Balancing A Checkbook For Fraud and Identity Theft Protection and New Tools To Help Battle Identity Theft

Balancing Checkbook

The errors based on small mistakes or transposed numbers can be easily corrected. There is another possibility that if you see transactions on your bank statements that you don’t recognize that your account or your identity may have been compromised. Identity theft is a very rapidly growing crime and we should take precautions to keep information private.

  1. Never give out your passwords for debit cards or online banking. Be diligent by accessing your online accounts frequently and if you use a public computer such as your workplace or at the library.
  2. Be certain that you always log out of your account before you walk away. If you do see transactions that you know they are not yours call your bank immediately. They can help you get a resolution and stop future fraud attempts.
  3. In many cases, fraudulent bank activity can be reversed but you should start by calling the financial institution where you do your banking and make an inquiry about the suspect transactions. Again be diligent and stay on top of your banking activity and be aware of transactions that should be happening so that you can spot those that shouldn’t.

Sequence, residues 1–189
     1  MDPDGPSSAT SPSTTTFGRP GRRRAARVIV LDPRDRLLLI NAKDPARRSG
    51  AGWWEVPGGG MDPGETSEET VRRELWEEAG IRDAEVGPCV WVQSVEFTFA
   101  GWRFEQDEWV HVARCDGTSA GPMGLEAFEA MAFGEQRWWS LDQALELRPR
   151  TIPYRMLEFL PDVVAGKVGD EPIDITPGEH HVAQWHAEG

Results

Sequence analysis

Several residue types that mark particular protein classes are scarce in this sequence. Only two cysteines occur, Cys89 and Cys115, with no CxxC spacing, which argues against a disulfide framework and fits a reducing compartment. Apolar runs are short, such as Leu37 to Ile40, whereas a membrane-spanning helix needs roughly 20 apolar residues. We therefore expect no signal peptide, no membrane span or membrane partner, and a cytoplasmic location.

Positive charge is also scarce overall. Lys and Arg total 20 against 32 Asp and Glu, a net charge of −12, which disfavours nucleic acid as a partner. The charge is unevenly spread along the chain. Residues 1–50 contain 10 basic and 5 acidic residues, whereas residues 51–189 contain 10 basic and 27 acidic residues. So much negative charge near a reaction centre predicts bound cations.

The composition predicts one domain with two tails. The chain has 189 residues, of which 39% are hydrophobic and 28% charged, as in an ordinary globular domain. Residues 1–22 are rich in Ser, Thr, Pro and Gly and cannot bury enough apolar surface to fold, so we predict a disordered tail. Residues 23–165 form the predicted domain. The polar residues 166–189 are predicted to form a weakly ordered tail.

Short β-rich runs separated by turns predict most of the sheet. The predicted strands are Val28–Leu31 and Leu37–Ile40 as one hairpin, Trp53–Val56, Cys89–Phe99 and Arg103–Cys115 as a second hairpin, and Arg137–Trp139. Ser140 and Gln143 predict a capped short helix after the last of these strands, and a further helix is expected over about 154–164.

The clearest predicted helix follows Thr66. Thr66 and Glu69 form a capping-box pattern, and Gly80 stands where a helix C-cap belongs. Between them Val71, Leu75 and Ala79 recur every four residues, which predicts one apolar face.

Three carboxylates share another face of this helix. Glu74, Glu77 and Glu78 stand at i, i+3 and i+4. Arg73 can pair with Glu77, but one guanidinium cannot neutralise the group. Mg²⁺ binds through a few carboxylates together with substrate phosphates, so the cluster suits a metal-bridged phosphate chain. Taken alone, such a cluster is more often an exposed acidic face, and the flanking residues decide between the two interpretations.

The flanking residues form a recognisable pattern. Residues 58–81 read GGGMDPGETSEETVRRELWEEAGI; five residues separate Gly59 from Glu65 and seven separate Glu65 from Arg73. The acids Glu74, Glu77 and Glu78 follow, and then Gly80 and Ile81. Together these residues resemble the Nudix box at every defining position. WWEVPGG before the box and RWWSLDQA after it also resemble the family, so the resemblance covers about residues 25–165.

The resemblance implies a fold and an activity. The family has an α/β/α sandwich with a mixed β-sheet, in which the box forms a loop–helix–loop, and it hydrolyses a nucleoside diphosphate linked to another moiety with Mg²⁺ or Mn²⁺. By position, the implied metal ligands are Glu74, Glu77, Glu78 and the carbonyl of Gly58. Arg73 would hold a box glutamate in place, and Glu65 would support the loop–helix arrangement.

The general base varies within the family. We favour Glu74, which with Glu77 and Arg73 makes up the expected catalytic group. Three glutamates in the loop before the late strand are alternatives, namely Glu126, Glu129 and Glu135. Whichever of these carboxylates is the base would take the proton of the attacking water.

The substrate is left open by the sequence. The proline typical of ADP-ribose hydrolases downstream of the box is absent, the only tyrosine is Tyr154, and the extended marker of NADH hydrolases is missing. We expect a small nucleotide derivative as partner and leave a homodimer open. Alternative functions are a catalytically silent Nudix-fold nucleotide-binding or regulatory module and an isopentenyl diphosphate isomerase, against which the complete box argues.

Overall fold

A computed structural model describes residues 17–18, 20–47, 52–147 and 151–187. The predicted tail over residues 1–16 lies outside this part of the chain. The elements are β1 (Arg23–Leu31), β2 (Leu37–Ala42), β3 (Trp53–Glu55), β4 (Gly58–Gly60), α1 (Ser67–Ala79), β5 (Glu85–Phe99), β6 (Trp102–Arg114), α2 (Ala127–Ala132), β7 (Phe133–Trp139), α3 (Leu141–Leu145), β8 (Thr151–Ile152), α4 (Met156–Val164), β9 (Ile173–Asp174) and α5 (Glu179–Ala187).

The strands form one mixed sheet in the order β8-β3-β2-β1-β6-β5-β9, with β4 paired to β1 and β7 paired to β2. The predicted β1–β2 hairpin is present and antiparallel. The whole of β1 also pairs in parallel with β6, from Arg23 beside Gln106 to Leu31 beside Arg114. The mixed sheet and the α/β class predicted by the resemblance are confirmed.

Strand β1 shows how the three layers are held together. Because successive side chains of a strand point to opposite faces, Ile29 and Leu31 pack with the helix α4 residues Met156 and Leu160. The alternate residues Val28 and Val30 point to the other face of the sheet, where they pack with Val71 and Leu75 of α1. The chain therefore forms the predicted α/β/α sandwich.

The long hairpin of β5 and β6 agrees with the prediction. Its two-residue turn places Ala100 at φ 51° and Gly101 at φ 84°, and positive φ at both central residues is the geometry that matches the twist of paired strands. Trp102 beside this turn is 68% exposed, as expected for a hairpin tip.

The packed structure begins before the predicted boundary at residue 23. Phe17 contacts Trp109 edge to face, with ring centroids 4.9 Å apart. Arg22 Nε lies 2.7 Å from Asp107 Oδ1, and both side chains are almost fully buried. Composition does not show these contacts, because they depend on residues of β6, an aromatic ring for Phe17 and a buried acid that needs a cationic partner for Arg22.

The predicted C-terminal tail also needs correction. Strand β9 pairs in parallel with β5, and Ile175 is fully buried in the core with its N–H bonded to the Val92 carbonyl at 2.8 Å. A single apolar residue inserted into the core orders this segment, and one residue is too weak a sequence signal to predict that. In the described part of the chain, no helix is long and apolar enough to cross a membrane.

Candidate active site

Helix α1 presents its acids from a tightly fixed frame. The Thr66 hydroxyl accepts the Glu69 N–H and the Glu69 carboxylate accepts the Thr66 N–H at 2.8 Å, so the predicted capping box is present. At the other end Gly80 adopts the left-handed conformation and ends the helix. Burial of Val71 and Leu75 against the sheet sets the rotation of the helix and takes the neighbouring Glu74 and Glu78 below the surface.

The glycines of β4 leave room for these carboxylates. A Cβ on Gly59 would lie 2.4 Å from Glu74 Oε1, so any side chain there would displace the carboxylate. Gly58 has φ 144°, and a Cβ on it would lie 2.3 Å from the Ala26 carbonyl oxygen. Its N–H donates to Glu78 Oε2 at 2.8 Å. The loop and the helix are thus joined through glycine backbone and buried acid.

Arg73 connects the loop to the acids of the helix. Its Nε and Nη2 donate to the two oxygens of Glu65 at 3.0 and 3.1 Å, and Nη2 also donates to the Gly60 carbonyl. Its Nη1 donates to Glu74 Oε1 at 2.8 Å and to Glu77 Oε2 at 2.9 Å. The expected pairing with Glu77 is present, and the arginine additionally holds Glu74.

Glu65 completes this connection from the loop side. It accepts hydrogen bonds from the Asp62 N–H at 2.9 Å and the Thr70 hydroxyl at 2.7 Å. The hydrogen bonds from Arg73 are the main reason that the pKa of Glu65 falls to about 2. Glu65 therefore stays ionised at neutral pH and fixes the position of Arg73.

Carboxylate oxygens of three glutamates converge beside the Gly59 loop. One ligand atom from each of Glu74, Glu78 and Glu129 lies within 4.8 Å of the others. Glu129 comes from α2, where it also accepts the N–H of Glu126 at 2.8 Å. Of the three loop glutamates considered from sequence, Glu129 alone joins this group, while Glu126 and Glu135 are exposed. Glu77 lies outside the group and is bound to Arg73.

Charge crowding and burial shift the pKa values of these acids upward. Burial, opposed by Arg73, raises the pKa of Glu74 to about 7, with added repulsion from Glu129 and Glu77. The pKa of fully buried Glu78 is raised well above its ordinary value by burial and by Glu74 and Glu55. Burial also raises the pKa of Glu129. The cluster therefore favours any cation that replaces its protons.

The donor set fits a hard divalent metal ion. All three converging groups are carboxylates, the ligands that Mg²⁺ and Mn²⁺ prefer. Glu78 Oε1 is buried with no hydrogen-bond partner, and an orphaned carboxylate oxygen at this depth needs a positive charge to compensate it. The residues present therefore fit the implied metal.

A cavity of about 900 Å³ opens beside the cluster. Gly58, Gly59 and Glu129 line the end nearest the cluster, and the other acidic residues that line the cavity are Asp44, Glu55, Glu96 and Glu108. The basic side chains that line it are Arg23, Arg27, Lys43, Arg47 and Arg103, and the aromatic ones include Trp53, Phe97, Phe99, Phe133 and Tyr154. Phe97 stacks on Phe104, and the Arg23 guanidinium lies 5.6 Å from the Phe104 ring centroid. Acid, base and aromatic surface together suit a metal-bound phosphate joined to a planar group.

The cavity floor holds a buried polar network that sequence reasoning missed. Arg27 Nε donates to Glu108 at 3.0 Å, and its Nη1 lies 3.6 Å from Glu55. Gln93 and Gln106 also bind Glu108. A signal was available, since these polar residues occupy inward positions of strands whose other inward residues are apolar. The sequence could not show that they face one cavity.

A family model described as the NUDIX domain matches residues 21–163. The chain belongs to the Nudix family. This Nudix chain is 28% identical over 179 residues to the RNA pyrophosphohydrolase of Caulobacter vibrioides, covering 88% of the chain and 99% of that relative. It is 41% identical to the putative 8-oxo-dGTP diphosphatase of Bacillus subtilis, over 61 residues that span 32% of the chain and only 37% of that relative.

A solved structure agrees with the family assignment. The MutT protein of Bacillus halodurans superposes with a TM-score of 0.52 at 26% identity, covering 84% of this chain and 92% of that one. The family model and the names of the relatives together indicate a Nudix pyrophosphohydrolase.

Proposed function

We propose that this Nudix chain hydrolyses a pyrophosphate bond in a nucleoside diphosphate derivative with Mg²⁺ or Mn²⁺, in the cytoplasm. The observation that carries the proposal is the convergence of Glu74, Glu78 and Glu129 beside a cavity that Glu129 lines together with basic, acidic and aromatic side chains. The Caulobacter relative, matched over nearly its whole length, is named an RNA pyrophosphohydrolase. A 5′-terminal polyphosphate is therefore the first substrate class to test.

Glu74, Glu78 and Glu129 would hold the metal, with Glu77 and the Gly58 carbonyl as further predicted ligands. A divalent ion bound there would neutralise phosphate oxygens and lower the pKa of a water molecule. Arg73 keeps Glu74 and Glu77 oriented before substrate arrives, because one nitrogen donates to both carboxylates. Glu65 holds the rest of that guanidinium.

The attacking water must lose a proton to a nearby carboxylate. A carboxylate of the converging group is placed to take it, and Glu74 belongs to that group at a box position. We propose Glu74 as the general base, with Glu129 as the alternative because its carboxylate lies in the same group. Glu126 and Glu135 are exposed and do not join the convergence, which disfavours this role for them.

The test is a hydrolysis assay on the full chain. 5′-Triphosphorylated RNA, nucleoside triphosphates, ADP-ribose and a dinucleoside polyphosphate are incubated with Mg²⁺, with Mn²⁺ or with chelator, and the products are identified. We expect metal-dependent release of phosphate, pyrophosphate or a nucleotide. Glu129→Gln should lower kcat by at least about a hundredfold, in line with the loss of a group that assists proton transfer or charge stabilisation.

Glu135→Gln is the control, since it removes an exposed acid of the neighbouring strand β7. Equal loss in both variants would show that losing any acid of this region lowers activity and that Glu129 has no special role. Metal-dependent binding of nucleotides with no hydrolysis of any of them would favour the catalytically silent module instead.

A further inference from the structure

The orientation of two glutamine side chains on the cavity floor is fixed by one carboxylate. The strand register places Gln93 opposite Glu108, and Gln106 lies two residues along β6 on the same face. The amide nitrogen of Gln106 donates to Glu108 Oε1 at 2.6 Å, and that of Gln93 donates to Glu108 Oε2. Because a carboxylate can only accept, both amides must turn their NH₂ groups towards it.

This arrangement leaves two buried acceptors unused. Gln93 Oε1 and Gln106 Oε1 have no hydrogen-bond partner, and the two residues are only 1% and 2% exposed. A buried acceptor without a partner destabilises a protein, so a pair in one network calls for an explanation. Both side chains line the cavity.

New tools coming to help battle identity theft

Families all around Oceanside are checking credit card statements after a possible data breech at city hall. John has a local organization launching new tools that could help their families protect in the future. Many will go onto the website and pay their utility bills using their credit cards. That was fine until mysterious charges showed up. One woman told me off camera her family got hit with a $50 i tunes charge. This man said a thief spent nearly $700 as a bar b-q store. It’s unclear how much personal information the hackers got. That’s why Oceanside is asking residents to place fraud alerts on their credit file and get copies of their credit report.

Identity Theft Resource Center

A local nonprofit called the identity theft resource center just signed a deal with one of the major reporting bureaus. They will teach things like not storing your social security number and tax returns on your computer and turning it off when are you not using it. While placing a 90 day fraud alert on your credit report is free, extra monitoring services can cost you $20 a month. That’s money you may be able to keep while learning what to watch for in advance. You have not responsible for fraud lent charges on your card. The new tool should be up in


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